- Statement of intent outlining your goals in pursuing the Certificate, proposed track / program of study, and schedule for completion.
- Samples of original written work. Include no more than five 8.5x11” pages. This work should demonstrate your ability to write cogently.
- Current academic transcript.
- Names and contact information for two people who can speak to your qualifications for the certificate program.
Additional submission requirement for students wanting to pursue the Urban Design track:
- For students who wish to pursue the Urban Design track, submit a PDF file that includes a brief graphic portfolio of design and planning work. Include no more than six to eight 8.5x11” horizontal pages. Note: these materials should demonstrate (1) serious initial investigation of urban design issues in prior work, (2) strong design and/or planning skills, (3) attention to craft and care for the context and external consequences of design and planning work.
The certificate director and the certificate curriculum committee may waive or substitute other coursework for any of the above requirements if the application as a whole demonstrates that the student has the skills, background, and ability to successfully complete the Certificate.
Students who have strong applications but whose skills in a particular area need development may be asked in the admission letter to add another course to their studies depending on their previous background.
Submit your application to the program, housed in the School of Architecture and Planning by March 1 for fall semester admission, or by November 1 for spring semester admission.
Email it to the attention of the Urban Innovation Certificate Director, John Quale, email@example.com
The certificate requires the completion of eighteen credit hours in one of the three tracks: Urban Design, Urban Policy or Urban Ecologies.
The introductory core course, ARCH ### Introduction to Urban Innovation, is three credit hours. This team-taught interdisciplinary course addresses the core concepts in all three tracks. The course focuses on theories and methods of policy, ecology and design in urban environments. The course emphasizes leadership in all of these realms, and will require case studies on relevant topics.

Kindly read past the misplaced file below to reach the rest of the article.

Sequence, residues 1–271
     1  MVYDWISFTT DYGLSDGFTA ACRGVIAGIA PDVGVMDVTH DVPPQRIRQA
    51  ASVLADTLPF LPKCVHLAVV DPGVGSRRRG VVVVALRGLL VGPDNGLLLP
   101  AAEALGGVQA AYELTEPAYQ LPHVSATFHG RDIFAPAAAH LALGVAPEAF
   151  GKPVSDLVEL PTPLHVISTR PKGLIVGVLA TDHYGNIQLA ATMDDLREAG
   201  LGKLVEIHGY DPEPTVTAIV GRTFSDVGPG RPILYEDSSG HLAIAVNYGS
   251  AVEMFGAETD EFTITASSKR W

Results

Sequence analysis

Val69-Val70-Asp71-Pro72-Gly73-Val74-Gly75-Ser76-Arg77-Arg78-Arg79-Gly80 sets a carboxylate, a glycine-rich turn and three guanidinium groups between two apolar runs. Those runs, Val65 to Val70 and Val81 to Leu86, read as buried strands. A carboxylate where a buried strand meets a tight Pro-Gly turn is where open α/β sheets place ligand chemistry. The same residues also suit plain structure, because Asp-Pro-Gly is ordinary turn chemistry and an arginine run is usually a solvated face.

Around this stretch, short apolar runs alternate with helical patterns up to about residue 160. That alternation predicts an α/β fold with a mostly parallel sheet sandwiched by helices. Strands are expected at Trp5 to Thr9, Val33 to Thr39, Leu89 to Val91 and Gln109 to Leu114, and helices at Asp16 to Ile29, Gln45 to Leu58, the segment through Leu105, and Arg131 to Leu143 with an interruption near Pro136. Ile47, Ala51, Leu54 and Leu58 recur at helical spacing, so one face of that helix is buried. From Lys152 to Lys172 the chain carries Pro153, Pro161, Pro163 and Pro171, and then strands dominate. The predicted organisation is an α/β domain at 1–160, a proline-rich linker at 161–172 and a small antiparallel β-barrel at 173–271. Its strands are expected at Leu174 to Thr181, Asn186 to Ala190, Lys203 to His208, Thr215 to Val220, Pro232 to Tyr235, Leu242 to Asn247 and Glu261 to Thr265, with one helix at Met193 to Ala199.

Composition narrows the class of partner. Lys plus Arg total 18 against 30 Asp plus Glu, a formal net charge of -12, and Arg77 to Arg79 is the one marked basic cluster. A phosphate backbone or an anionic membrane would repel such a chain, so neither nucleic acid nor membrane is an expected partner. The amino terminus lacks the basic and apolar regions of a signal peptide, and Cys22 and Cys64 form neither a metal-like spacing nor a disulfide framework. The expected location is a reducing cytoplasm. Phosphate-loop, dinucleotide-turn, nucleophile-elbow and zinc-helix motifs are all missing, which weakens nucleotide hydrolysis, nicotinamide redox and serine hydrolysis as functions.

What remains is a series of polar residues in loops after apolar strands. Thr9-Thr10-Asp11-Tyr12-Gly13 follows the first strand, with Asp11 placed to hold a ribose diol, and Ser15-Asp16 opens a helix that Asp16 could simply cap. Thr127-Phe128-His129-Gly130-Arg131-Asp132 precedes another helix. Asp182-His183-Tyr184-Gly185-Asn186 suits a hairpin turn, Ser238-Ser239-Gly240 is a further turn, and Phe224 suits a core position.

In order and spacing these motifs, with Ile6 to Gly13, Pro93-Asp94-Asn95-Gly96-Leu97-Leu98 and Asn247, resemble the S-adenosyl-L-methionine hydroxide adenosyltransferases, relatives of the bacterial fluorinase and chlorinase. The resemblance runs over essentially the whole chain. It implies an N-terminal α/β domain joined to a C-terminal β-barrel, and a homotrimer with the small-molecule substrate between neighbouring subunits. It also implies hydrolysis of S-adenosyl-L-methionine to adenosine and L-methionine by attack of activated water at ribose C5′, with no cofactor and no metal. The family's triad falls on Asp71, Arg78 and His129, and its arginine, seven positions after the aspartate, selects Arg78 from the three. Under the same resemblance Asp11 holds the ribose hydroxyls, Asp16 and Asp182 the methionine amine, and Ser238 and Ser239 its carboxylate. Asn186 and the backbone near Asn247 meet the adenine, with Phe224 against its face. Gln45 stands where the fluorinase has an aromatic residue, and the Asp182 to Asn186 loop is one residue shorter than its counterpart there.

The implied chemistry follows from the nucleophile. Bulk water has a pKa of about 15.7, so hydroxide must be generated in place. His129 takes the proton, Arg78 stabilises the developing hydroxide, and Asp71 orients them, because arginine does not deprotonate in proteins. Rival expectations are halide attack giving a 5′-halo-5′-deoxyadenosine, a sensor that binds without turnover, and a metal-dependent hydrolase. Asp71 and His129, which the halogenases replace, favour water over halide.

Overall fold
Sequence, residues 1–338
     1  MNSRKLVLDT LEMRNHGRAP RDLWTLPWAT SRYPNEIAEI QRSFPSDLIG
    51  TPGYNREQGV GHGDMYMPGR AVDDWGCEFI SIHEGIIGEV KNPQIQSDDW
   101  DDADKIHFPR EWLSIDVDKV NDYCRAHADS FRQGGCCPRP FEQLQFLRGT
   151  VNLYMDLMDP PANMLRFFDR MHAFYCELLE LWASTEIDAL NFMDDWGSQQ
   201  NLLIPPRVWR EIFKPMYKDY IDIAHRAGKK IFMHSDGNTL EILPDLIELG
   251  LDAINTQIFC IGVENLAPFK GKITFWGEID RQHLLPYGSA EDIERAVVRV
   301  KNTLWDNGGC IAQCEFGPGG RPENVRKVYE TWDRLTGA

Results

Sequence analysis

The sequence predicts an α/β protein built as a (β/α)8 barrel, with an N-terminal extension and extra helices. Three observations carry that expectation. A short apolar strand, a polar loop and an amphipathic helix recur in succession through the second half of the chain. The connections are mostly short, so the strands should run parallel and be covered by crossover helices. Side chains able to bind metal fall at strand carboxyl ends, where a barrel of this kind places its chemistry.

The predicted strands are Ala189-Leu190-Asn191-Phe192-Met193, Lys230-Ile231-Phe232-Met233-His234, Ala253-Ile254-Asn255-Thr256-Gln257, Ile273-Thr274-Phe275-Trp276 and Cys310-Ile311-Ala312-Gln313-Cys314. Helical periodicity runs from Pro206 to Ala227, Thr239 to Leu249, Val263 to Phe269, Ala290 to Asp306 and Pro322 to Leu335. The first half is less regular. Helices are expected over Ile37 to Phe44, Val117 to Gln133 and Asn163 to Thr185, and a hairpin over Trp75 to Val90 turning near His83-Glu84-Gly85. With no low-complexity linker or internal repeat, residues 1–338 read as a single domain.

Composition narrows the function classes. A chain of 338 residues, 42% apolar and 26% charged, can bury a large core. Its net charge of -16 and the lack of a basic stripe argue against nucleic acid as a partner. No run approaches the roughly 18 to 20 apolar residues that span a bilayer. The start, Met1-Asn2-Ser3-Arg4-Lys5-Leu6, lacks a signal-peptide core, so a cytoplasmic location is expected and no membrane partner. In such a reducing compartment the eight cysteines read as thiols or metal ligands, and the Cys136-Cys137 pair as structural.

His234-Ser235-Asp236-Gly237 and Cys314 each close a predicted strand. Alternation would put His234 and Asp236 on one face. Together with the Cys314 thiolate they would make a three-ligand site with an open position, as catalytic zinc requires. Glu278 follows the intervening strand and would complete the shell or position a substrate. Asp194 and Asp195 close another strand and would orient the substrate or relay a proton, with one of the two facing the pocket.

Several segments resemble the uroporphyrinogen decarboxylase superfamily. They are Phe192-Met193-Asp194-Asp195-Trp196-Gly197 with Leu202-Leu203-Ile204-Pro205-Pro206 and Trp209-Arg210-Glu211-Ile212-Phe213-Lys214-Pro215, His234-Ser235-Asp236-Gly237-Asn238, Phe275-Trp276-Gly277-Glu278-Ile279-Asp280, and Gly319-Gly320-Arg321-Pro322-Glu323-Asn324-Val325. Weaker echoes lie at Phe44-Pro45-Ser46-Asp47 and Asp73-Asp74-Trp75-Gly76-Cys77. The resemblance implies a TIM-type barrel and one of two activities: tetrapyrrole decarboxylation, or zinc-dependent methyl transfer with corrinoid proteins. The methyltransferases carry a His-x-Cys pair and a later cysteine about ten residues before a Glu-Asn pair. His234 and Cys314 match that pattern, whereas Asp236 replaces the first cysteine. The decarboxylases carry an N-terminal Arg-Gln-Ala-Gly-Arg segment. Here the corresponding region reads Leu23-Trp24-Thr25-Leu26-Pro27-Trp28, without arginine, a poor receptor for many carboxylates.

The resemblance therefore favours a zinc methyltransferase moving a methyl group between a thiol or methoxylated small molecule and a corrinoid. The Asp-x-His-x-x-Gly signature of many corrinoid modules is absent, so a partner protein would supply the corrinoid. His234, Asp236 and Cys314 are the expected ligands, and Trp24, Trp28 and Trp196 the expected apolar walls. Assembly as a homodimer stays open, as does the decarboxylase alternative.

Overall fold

(Although it is ideal to complete the Introduction to Urban Innovation course at the beginning of the certificate, it is a prerequisite before the last six credits of the individual track is completed.)
In addition to the Introduction to Urban Innovation course, students pursue the following number of credit hours in courses from the approved lists for the tracks in Urban Design, Urban Policy and Urban Ecologies, as selected by the Urban Innovation Curriculum Committee.
Required Coursework by track:
Urban Design:1) ARCH ### Introduction to Urban Innovation, three credit hours
2) Urban Design coursework, nine credit hours (not design studios)
3) Urban Innovation Design Studio, six credit hours
18 credits total
Urban Policy:1) ARCH ### Introduction to Urban Innovation, three credit hours
2) Urban Policy coursework, twelve credit hours
3) Urban Innovation Seminar, three credit hours
18 credits total
Urban Ecologies:1) ARCH ### Introduction to Urban Innovation, three credit hours
2) Urban Ecologies coursework, twelve credit hours
3) Urban Innovation Seminar, three credit hours
18 credits total
Note: The Urban Innovation Seminar and Design Studio are scheduled to overlap. The entire group of seminar and studio students will work collaboratively on a complex challenge in a particular urban environment.
The location of the seminar / studio will change from year to year.
A total of 9 credit hours may count towards both the certificate and a master’s degree within the School of Architecture and Planning. Shared credits in other degree programs will be determined by those departments.
Non-certificate students are allowed to take courses in the curriculum.
Director: John Quale, School of Architecture and Planning, in collaboration with the Urban Innovation Certificate Curriculum Committee